The progressive growth of primary ovarian cancer and metastasis is dependent on development of an adequate blood supply (angiogenesis). Vascular endothelial growth factor (VEGF) plays a critical role in angiogenesis and consequent ovarian cancer growrth and progression. VEGF blockade has shown promise in human studies. Our pre-clinical and clinical results from the prior funding period demonstrate that a novel approach (high-affinity VEGF decoy receptor, VEGF-Trap or aflibercept) for VEGF blockade was highly effective in combination with taxane chemotherapy. However, despite initial responses, most patients eventually develop tumor progression resulting in their demise, mainly due to the development of drug resistance. The DII4 (delta-like ligand 4)/Notch signaling pathway has recently been shown to play an important role in angiogenesis including vessel maturation, pericyte recruitment, branching and cell differentiation, proliferation, survival and apoptosis. Our preliminary data indicate that when DII4 inhibition using a monoclonal antibody (DII4-mAb or REGN421) was coupled with VEGF inhibition (aflibercept), this combination strikingly reduced tumor burden and ascites, suggesting that this anti-angiogenesis regimen holds promise as a novel therapeutic modality. However, the mechanisms of its potency are not fully understood. We hypothesize that the DII4/Notch signaling pathway plays an important role in reducing the efficacy of anti-VEGF monotherapy and targeting both VEGF and DII4/Notch signaling pathway will enhance anti-angiogenic therapy. The overall goal of this proposal is to develop novel and effective strategies for targeting ovarian cancer angiogenesis. In the current proposal, we will investigate the functional significance of DII4/Notch signaling pathway in ovarian cancer by examining whether DII4 expression in ovarian cancer cells activates Notch signaling in endothelial cells and whether blockade of DII4/Notch signaling with REGN421 deregulates angiogenesis in vitro in Aim 1.
In Aim 2, we will assess the efficacy of combinatorial approaches for targeting VEGFA/EGFR/DII4/Notch signaling pathway with aflibercept and REGN421 using in vivo orthotopic ovarian cancer models. We will conduct a Phase I/lb clinical trial using the anti-DII4 monoclonal antibody REGN421 in patients with recurrent ovarian carcinoma in Aim 3. Thus, all three Aims are complementary to each other and findings of this study should allow the design of new therapeutic approaches for women with ovarian cancer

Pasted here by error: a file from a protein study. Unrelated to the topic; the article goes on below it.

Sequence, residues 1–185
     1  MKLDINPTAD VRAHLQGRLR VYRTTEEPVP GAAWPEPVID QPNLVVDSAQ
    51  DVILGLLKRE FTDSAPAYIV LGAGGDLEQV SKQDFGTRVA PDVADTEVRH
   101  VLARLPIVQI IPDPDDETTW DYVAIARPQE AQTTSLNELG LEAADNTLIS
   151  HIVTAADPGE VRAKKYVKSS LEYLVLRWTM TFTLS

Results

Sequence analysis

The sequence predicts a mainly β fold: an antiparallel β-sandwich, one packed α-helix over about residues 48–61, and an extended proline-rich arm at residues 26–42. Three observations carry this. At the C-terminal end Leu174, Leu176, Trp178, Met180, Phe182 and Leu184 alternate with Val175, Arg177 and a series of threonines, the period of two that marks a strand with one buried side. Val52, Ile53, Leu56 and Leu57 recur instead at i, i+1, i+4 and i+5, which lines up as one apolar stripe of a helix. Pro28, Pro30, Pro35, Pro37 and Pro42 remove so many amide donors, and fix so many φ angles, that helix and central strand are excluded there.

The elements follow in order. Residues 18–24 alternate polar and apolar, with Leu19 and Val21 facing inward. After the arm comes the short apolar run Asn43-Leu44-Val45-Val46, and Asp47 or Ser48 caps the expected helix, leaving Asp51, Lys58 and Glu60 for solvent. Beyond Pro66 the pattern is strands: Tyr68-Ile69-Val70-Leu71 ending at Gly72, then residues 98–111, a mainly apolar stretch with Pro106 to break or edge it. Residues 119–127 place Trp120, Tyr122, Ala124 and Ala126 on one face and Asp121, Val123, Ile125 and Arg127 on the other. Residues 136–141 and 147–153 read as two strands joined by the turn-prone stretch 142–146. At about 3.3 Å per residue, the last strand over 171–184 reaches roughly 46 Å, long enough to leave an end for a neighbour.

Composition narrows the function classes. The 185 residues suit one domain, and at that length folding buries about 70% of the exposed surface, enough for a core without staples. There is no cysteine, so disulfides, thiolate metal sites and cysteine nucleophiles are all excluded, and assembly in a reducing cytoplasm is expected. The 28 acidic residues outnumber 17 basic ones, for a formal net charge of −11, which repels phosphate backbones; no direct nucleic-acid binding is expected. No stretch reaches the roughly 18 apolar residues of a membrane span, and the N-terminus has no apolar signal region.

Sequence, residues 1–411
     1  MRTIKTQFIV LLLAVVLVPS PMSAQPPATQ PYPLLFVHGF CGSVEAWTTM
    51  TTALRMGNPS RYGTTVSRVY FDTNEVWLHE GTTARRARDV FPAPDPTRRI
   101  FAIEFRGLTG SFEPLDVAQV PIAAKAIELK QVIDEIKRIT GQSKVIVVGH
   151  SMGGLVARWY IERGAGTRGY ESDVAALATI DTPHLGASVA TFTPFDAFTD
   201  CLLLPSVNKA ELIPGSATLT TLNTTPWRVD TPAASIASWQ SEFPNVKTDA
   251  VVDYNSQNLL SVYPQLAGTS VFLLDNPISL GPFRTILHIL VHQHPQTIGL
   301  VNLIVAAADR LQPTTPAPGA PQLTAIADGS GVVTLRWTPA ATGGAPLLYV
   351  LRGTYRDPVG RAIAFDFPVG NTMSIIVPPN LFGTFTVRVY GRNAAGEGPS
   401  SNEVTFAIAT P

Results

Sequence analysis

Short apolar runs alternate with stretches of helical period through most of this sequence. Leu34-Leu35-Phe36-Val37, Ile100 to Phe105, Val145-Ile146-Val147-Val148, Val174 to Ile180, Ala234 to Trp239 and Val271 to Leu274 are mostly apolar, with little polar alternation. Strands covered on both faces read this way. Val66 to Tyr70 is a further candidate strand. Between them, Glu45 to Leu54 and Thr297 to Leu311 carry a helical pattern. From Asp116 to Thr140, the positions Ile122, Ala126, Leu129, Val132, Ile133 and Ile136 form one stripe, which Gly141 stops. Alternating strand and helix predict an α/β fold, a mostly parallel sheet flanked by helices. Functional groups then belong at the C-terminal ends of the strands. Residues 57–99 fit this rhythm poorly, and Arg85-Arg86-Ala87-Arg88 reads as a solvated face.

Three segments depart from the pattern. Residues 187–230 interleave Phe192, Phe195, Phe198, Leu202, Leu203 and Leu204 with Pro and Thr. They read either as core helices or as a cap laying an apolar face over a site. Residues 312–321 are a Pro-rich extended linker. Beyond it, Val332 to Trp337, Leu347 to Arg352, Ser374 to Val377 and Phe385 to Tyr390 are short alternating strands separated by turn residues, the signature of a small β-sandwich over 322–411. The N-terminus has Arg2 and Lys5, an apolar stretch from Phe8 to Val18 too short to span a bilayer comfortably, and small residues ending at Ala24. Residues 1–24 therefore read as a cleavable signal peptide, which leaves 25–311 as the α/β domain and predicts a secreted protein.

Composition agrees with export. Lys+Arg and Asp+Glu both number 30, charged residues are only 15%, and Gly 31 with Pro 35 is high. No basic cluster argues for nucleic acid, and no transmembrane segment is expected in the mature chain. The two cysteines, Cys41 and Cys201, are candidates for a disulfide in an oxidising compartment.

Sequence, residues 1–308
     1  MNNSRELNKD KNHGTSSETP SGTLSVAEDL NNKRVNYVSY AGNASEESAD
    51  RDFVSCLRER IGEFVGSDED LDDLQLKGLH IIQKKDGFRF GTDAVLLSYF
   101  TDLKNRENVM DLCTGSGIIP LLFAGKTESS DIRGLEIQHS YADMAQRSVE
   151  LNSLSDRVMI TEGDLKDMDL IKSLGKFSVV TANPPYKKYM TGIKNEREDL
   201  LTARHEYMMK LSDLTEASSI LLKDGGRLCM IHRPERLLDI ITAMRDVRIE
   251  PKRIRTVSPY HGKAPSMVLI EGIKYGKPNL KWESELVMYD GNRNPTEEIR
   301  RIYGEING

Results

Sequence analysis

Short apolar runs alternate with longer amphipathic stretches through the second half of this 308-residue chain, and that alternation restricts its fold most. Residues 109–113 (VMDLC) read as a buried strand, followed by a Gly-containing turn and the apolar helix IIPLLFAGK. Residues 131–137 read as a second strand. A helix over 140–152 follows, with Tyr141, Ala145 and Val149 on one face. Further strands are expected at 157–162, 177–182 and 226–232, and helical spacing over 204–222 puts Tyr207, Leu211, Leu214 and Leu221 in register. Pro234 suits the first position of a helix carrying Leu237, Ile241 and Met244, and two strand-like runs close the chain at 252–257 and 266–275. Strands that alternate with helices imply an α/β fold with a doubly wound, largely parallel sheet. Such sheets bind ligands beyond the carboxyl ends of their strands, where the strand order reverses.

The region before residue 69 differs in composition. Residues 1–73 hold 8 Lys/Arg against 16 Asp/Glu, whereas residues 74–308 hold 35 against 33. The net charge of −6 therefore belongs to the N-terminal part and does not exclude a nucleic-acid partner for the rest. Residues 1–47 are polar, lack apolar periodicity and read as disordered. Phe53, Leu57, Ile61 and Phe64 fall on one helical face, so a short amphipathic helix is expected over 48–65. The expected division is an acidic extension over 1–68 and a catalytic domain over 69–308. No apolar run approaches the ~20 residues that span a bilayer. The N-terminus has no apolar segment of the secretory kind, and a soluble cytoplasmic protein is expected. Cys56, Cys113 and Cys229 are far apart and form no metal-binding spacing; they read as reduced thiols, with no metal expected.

Public Health Relevance

There are limited options for treating advanced/recurrent ovarian cancer. Anti-angiogenic therapies appear to be one of the most promising for treatment strategies for ovarian and other cancers;however, despite initial responses, most patients eventually develop progressive disease. DII4/Notch signaling is increased in response to elevated VEGF levels and DII4 expression is increased in the tumor vasculature. DII4 blockade especially in combination with anti-VEGF therapy, appears to be a highly promising approach.

Agency
National Institute of Health (NIH)
Institute
National Cancer Institute (NCI)
Type
Specialized Center (P50)
Project #
5P50CA083639-14
Application #
8540104
Study Section
Special Emphasis Panel (ZCA1-RPRB-M)
Project Start
Project End
Budget Start
2013-09-01
Budget End
2014-08-31
Support Year
14
Fiscal Year
2013
Total Cost
$253,718
Indirect Cost
$66,015
Name
University of Texas MD Anderson Cancer Center
Department
Type
DUNS #
800772139
City
Houston
State
TX
Country
United States
Zip Code
77030
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